“There is only one race, the race of the children of God.” These words of a great Catholic saint of the 20th century, Josemaria Escriva, nicely capture how we at Adamah view the Black Lives Matter movement, writes Joseph Evans.
Racism is real. It exists in many forms and, as much as we might be horrified by it, if we are truly honest we might even find subtle forms of it in ourselves which we constantly have to resist. In my own country, Britain, as enlightened as it tries to be, it is obvious to me that black people still do not have the same opportunities and status as their white fellow citizens. There are lingering prejudices against them which go deep into our psyche. Many white people have an unconscious (or sometimes very conscious) sense of superiority and entitlement.
Someone showed me recently an amusing 1971 BBC interview of the great boxer Muhammad Ali by Michael Parkinson. With his customary wit, Ali asked why everything good seems to be white, and everything bad is black. It’s blackmail, not whitemail, he pointed out.
He gave the example of the Tarzan stories. Why does this white man seem to lord the jungle and be able to speak with the animals, when black people had been there centuries before him? Ali asked.
Tarzan would not be written now but Ali’s question remains relevant.
Racism is fundamentally a lie. It denies the true dignity of someone, viewing them falsely as inferior because of the colour of their skin, the shape of their face or the country of origin on their passport. But the answer to it is not to counter it with other lies, as well-intentioned as these might be.
The emotional and violent condemnation of European history, of white people per se, simply because they are white, is countering one lie with another.
As much as George Floyd’s killing might reflect widespread racist tendencies in American society (I recommend Denny Burk’s thoughtful reflections on this), the methods adopted by some in the Black Lives Movement may end up undermining efforts to make life better for the very people they are purporting to help.
The promotion of violence, the fostering of hatred towards a vaguely defined “privileged” class, and the invention of an “enemy” to fight against have echoes of the revolutionary methods which have more than once ushered totalitarian regimes into power.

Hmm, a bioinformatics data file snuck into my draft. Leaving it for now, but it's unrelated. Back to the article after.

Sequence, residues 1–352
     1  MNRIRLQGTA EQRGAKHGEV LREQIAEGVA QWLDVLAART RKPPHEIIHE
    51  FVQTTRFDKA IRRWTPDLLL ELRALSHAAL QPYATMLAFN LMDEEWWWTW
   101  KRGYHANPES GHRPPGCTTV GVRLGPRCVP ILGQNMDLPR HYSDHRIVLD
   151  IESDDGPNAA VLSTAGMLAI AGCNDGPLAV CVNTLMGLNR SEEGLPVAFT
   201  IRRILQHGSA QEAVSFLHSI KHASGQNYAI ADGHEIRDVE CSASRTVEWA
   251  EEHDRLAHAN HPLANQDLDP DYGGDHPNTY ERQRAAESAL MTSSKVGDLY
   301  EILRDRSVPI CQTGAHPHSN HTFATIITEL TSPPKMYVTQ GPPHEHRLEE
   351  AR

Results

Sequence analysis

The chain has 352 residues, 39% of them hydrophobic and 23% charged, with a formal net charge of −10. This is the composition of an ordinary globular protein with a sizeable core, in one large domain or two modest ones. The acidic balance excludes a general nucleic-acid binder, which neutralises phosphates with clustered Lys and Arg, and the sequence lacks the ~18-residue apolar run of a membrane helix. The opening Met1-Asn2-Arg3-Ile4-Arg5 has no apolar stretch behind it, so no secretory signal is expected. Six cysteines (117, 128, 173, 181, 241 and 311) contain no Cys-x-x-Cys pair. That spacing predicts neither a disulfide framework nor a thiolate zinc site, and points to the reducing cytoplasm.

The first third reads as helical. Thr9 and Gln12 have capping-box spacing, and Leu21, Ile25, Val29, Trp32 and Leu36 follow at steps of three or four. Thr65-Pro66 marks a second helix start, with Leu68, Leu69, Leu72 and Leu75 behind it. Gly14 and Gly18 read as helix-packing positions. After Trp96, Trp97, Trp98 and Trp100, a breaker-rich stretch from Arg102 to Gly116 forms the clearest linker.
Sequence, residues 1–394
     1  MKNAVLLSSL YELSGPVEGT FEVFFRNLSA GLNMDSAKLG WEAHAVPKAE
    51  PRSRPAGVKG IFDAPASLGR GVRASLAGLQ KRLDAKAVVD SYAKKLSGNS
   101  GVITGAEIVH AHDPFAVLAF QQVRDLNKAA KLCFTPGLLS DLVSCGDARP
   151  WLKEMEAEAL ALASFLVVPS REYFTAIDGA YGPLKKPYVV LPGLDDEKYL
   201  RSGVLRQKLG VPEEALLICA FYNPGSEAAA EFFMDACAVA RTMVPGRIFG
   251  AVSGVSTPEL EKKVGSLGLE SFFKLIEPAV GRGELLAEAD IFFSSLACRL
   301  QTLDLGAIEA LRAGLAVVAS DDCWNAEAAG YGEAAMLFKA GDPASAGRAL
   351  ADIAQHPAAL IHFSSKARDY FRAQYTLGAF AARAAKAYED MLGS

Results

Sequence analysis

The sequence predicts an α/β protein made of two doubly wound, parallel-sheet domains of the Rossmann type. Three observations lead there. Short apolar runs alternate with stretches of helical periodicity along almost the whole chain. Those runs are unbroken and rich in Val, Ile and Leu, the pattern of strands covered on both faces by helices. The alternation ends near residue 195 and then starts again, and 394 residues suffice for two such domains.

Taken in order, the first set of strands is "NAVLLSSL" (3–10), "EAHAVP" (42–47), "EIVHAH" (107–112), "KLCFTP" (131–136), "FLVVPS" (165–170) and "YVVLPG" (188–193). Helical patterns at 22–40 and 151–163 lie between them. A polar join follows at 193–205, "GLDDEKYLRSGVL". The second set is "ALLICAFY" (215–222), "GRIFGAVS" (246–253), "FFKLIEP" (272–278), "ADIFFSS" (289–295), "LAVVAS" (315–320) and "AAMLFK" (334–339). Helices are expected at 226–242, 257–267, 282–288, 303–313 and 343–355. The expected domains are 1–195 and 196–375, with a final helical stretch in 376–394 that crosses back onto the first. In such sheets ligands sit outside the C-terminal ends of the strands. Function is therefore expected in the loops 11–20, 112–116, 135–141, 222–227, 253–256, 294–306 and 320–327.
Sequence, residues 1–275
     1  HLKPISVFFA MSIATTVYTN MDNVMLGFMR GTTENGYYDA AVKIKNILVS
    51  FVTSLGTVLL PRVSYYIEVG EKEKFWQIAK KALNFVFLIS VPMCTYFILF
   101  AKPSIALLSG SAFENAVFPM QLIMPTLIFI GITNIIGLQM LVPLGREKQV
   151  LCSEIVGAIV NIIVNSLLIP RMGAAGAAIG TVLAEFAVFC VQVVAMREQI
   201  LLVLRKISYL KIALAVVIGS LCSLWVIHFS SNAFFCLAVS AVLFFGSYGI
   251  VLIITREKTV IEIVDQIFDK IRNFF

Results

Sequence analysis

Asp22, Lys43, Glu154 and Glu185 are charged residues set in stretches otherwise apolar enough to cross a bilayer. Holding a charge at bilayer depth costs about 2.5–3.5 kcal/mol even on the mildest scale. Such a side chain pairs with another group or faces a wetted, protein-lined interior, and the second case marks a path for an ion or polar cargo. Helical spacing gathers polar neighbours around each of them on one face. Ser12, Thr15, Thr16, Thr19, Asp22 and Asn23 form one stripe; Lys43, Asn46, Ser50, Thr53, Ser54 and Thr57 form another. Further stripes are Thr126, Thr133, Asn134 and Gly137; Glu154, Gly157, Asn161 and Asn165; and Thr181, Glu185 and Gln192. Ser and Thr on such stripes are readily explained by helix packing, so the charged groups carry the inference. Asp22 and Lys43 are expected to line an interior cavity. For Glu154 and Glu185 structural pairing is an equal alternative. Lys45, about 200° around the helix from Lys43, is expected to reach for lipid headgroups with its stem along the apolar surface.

Heavyweight champion, Nigerian-born British boxer, Anthony Joshua captures this succinctly when he condemned the evil of racism but also warned against another evil, the instrumentalisation of violence. “We can no longer remain silent on the senseless unlawful killing, sly racism of another human being based only on what?” But he continued: “We must not use the demonstration for selfish motives and turn it into rioting and looting. We need to be united in non-violent demonstrations,” he said.
Similarly, in a recent papal audience, Pope Francis prayed publicly for “George Floyd and all those others who have lost their lives as a result of the sin of racism”. While affirming that “we cannot tolerate or turn a blind eye to racism and exclusion in any form and yet claim to defend the sacredness of every human life”, he also insisted: “At the same time, we have to recognise that the violence of recent nights is self-destructive and self-defeating. Nothing is gained by violence and so much is lost.”
Christianity has had an ambiguous relationship with the human rights movement and specifically with slavery. There is no doubt that the New Testament laid down the principles which would later lead William Wilberforce and his allies, Christians themselves, to campaign successfully for its abolition in the British empire (though of course human evil continues to invent new forms of slavery outside the law). And the Catholic Church explicitly condemned slavery as far back as the 15th century in Pope Eugene IV’s Sicut Dudum.
The ultimate argument against slavery, racism or any form of unjust discrimination is the fundamental equality of every man and woman before God. As St Paul wrote to Philemon in the biblical epistle of that name, he should receive back the fugitive Onesimus “no longer as a slave but more than a slave, as a beloved brother”.